In many situations, bankruptcy can wipe out your tax debt, but your entire financial situation and timing has to be examined by an accounting, tax and bankruptcy professional. Bankruptcy can be a powerful weapon against the IRS, especially if it looks like an OIC might not work for you. The beauty of a “tax bankruptcy” (which is simply a regular bankruptcy the filing of which is timed to maximize the discharge of taxes), is it can also wipe out state tax debts; medical bills; credit cards; etc. Compare to an OIC that only addresses federal tax debts – not other debts that maybe troublesome to you.
Forty million Americans have student debt. Together, they owe more than a trillion dollars -- an amount that has doubled since the great recession. Americans now have more student loan debt than debt from credit cards, car loans, and home equity lines of credit. country, interests rates as high as 11, 12 and 13 percent..We have a student debt crisis -- and we need to solve it now. Call us to find out your options. .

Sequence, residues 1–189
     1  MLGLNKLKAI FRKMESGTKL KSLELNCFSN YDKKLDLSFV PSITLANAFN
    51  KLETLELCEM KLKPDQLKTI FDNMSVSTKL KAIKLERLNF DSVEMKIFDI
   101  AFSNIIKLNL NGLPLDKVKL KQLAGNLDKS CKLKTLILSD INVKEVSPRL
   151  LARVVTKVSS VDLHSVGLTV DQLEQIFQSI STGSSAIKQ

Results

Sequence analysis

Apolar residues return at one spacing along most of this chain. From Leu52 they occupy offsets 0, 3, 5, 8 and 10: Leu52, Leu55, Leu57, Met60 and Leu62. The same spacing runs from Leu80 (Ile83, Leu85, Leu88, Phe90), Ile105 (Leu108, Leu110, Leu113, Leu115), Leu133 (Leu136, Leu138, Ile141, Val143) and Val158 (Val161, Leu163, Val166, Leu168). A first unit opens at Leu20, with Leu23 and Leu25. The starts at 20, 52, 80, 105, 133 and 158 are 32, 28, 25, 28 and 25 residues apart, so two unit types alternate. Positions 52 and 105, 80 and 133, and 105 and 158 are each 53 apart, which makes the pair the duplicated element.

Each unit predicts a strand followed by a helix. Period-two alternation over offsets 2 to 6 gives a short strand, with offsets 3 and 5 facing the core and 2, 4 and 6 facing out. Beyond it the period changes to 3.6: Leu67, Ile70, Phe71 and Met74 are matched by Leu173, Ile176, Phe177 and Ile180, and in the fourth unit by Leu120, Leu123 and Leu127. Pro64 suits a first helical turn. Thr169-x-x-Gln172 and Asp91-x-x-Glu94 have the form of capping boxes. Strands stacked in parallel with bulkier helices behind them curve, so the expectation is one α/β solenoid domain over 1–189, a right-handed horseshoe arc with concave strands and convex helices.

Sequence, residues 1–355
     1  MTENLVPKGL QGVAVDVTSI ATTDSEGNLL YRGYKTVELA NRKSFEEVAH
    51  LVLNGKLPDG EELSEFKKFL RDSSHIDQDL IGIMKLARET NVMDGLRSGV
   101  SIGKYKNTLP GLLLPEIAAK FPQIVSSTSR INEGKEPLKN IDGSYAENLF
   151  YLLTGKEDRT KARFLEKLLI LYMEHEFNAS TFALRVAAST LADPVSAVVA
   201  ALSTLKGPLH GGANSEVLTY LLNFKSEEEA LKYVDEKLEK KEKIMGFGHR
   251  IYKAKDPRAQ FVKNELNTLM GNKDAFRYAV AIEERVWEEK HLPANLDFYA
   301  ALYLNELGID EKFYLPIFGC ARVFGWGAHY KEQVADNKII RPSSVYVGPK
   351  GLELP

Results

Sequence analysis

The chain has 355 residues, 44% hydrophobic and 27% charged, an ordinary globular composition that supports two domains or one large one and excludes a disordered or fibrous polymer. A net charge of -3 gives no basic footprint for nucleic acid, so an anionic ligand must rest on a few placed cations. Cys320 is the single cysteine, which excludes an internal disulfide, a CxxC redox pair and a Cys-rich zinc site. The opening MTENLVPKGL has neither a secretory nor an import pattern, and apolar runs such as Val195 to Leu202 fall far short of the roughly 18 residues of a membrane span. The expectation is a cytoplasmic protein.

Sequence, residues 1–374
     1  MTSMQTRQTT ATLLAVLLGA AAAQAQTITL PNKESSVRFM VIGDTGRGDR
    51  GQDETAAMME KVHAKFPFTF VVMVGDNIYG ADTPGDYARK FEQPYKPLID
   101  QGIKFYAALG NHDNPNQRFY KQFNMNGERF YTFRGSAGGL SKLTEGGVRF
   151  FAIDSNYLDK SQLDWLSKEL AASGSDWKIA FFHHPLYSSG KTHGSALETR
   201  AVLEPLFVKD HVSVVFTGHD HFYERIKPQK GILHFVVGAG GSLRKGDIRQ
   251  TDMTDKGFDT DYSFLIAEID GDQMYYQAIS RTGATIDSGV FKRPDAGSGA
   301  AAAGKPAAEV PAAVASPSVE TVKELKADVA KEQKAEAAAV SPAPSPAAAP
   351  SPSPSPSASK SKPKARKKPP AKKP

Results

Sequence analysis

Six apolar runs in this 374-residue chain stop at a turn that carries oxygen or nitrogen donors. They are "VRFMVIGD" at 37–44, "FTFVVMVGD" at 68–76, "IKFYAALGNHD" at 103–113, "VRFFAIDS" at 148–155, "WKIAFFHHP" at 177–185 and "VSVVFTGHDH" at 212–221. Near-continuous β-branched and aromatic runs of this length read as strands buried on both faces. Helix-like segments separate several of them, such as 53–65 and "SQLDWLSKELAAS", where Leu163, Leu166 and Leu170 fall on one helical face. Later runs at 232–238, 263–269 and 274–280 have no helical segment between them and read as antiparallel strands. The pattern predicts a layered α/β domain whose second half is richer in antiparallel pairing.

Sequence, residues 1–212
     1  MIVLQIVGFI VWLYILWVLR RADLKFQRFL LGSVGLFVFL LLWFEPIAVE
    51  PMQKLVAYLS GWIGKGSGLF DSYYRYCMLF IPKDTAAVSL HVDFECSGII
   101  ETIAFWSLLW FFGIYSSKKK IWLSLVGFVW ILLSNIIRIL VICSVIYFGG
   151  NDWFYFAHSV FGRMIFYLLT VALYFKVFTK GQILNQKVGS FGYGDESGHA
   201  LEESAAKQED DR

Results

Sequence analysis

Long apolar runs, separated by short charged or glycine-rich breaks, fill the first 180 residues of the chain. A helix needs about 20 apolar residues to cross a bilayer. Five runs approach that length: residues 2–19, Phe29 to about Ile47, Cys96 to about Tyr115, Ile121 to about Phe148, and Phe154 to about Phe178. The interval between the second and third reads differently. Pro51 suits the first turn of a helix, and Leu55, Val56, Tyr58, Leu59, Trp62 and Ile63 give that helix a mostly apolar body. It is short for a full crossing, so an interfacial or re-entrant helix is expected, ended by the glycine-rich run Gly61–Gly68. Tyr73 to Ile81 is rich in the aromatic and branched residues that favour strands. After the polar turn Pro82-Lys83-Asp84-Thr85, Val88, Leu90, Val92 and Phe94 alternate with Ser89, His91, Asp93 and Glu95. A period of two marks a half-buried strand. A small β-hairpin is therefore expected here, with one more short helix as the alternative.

Chapter 7 is the easiest and fastest way to discharge unsecured debt. It is commonly known as a straight bankruptcy or fresh start as there are no money payments made to the court as there are in Chapter 13.
In some cases if you have older debt of $10.000.00 or more, we can often negotiate reductions of the debt by 50%- 75%.
Whether you're happy about the outcome of the election or not, one thing's for sure - the student loan landscape isn't about the change for the better.
Hopes for bankruptcy reform have been dashed.
There's virtually no chance for an overhaul of the student loan system that includes additional borrower protections. Many are betting the CFPB will play less of a role in the coming years, and some are going so far as to say the consumer watchdog will be dismantled entirely.
That means student loan borrowers are going to need us more than ever.
However a Chapter 13 can stop a Student loan wage levy and put the loan in deferment for up to five additional years.